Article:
Focusing on shapes and silhouettes and birds...
This group of paintings was started in February. It began with the small painting at the top right. It actually was a crane and I disliked it a lot, proportions were off, colors were too much, it was sitting on my table in the studio, waiting. So, one day, I picked it up and started carving out a new shape with gesso and so on. I really liked the results, so I painted two more small similar paintings. Then came the bottom two which are about 12x12. I have since painted several more crows (inbetween doing some abstracts/collage), so I am continuing on in this series, exploring different ways to depict my subjects. I'm finding working on a series helps me really know the subject better.
This whole direction is probably a result of participating in my women's painting critique group monthly. One of my friends there always focuses on shapes in her wonderful oil paintings, and I guess the idea of focusing on the shapes themselves appealed, and made me look at subjects differently. Belonging to a small friendly and supportive group of fellow artists is something I highly recommend. The diversity of outlooks and styles (loose or realistic), and even media, as among us, we work in watercolor, acrylic, oil, pastels, collage and 3d paintings, is truly inspiring. I'm always looking forward to see what we will each bring to the next meeting - it keeps me painting.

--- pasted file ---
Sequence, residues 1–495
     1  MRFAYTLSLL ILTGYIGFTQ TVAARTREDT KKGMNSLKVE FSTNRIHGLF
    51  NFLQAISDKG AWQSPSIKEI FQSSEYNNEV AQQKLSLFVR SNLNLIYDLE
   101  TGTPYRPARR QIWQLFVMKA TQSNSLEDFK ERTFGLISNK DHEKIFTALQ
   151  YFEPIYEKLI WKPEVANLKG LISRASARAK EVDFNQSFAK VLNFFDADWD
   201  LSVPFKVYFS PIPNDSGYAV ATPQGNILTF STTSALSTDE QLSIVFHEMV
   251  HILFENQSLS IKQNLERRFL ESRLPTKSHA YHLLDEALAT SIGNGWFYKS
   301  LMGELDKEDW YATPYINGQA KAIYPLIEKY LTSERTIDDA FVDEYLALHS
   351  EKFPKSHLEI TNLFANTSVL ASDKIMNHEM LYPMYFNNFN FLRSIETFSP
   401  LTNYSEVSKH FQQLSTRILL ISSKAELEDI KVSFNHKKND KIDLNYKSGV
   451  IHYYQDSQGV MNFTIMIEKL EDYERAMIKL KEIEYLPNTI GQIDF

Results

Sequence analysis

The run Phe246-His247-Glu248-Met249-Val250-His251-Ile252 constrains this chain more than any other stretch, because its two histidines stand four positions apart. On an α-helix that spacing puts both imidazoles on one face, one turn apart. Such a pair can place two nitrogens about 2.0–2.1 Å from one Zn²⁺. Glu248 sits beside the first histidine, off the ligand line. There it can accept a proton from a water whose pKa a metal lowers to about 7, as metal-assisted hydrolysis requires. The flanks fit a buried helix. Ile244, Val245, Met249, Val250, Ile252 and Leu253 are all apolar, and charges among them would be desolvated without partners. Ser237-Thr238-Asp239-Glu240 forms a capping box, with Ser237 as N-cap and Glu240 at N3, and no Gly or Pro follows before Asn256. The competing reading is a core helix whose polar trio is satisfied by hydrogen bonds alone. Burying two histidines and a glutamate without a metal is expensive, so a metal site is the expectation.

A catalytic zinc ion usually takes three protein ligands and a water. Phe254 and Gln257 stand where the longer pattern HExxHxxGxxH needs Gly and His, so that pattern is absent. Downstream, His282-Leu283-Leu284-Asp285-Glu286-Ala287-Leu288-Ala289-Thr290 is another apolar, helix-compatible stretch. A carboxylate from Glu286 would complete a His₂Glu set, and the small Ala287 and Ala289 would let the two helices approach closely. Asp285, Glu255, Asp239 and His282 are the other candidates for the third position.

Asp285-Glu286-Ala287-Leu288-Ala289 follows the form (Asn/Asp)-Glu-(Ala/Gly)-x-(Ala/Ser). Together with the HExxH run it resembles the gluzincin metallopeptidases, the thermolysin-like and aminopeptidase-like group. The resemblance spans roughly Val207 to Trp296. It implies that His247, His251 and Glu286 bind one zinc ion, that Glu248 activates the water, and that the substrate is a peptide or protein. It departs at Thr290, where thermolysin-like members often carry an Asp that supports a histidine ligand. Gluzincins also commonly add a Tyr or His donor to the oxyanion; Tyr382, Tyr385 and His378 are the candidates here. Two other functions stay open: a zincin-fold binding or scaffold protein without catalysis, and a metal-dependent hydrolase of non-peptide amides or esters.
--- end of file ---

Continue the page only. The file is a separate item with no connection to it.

To complement my continuing bird interest, I'm in the midst of reading "Crow Planet: Essential Wisdom from the Urban Wilderness" by Lyanda Lynn Haupt, a local Seattle author. This is a wonderful read about our urban crow friends with some lovely woodcut illustrations by the author.
And I've added to my Audubon identifying book on birds with two more great selections listed below. They are great inspiration for a fiber book on Texas birds that I am finally completing. It was a project started last year in April when I visited family there.
The National Wildlife Federation "Field Guide to Birds of North America" by Edward S. Brinkley - a terrific guide with lots of stunning photographs to help identify birds in our country.
"BIRDS of the Puget Sound Region" by Bob Morse, Tom Aversa, and Hal Opperman - I like this one as it's specific to my area. I've already used it to determine we've got "spotted towhees" hanging around our yard - gorgeous 8" birds with a dark black hood and tail, sprinkled with white spots on the black wing, and robin red sides and a white belly, red eyes.
The Sunday Papers: 19
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